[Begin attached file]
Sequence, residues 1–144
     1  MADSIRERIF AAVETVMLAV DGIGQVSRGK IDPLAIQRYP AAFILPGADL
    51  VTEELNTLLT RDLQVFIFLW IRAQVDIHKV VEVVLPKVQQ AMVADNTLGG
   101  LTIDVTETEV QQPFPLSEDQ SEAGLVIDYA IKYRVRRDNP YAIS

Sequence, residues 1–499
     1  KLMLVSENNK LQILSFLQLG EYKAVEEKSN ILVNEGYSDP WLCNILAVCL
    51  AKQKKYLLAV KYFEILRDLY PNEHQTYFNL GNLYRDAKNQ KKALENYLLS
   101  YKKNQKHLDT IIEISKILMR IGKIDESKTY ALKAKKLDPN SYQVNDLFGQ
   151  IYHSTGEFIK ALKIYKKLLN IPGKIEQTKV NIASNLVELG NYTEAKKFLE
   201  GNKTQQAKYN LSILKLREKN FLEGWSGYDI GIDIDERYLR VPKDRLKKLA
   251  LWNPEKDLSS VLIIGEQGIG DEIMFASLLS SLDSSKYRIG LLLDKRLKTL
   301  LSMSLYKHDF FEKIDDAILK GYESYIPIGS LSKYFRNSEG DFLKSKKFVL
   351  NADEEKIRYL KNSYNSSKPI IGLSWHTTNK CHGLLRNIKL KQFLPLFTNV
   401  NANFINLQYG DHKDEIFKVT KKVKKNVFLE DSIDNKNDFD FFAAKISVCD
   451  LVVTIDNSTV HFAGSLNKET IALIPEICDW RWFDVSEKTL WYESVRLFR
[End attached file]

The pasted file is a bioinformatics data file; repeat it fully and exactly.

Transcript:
Sequence, residues 1–144
     1  MADSIRERIF AAVETVMLAV DGIGQVSRGK IDPLAIQRYP AAFILPGADL
    51  VTEELNTLLT RDLQVFIFLW IRAQVDIHKV VEVVLPKVQQ AMVADNTLGG
   101  LTIDVTETEV QQPFPLSEDQ SEAGLVIDYA IKYRVRRDNP YAIS

Sequence, residues 1–499
     1  KLMLVSENNK LQILSFLQLG EYKAVEEKSN ILVNEGYSDP WLCNILAVCL
    51  AKQKKYLLAV KYFEILRDLY PNEHQTYFNL GNLYRDAKNQ KKALENYLLS
   101  YKKNQKHLDT IIEISKILMR IGKIDESKTY ALKAKKLDPN SYQVNDLFGQ
   151  IYHSTGEFIK ALKIYKKLLN IPGKIEQTKV NIASNLVELG NYTEAKKFLE
   201  GNKTQQAKYN LSILKLREKN FLEGWSGYDI GIDIDERYLR VPKDRLKKLA
   251  LWNPEKDLSS VLIIGEQGIG DEIMFASLLS SLDSSKYRIG LLLDKRLKTL
   301  LSMSLYKHDF FEKIDDAILK GYESYIPIGS LSKYFRNSEG DFLKSKKFVL
   351  NADEEKIRYL KNSYNSSKPI IGLSWHTTNK CHGLLRNIKL KQFLPLFTNV
   401  NANFINLQYG DHKDEIFKVT KKVKKNVFLE DSIDNKNDFD FFAAKISVCD
   451  LVVTIDNSTV HFAGSLNKET IALIPEICDW RWFDVSEKTL WYESVRLFR